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Posted: October 12, 2011

Invermere seeks members for public deer committee

The East Kootenay has been handed a new kind of fame the past few years because of deer/human conflicts.

The famous YouTube video of the mother deer wailing on an innocent old dog, shot in the City of Cranbrook, became a virally-viewed hit. It also neatly showed the potential danger ‘sweet’ deer can pose to human, and canine, society when it comes to fearing for their young.

The City of Cranbrook has received the go-ahead from the provincial government to conduct a cull on problem deer in the city, becoming the first community in British Columbia to get such permission.

The City of Kimberley continues to wrestle with its urban deer problem (pictured), which is equal or worse than Cranbrook’s in terms of numbers of deer per square kilometre.

The District of Sparwood is contemplating ways to deal with urban deer problems.

The City of Grand Forks, west of Castlegar, is also taking steps beyond talking to deal with problem deer.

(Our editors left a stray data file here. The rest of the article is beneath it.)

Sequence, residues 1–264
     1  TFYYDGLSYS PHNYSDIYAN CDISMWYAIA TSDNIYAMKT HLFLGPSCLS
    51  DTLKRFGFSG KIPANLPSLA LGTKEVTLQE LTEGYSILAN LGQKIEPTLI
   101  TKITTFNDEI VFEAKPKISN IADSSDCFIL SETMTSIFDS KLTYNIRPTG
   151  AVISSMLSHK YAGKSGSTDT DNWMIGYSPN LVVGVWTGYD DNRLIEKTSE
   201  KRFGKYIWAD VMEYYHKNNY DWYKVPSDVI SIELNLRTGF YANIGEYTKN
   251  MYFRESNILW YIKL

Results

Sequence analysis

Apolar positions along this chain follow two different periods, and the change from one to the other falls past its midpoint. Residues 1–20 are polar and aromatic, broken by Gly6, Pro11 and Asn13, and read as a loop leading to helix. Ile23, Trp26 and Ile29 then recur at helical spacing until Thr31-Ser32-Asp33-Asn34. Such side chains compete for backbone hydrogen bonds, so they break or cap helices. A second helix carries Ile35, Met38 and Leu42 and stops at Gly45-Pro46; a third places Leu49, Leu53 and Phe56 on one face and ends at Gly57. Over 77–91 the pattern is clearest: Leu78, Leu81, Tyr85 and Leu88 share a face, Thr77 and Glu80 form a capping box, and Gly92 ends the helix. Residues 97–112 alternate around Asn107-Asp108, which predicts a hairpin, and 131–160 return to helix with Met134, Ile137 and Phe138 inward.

Deer wait for main street Invermere folks to clear out of the way before cutting and running from shelter beside Angus McToogle's last winter.And not to be outdone is the District of Invermere, which Oct. 11 approved the creation of an Urban Deer Advisory Committee.

District chief administrative officer Chris Prosser said the formation of such a committee came from a recommendation in the Urban Deer Committee Management Report.

“It’s a key recommendation,” he said, explaining the perceived committee will be a five-member “arm’s length committee. Purely advisory in nature,” he told council.

In taking the step, Invermere would join Cranbrook, Kimberley, Sparwood and Grand Forks in leading the way in the province in dealing with urban deer.

Council unanimously agreed with the recommendation.

“This is going to be a really challenging committee,” admitted Coun. Ray Brydon, “but it’s something the public wants badly.”

Mayor Gerry Taft said he is hopeful that people in the community who have expertise or strong interest “in urban wildlife issues” will become involved in the committee and provide some research to aid in the ongoing issues with urban deer. District staff and elected officials don’t have the answers, he said.

“This is a case where we need assistance from citizens,” Taft said, while admitting, “ultimately, the final decision will be up to the District of Invermere, and ultimately we need permission from the province to do whatever we need to do.”

The district has also taken the time to consider the best practices in other North American communities, he said.

Coun. Spring Hawes said a “broader” citizen’s committee would serve the best purpose and Coun. Al Miller said, “Most people will argue we’re not moving fast enough.”

The district is now seeking five residents to serve on its newly-formed Urban Deer Advisory Committee.

Ian Cobb/e-KNOW

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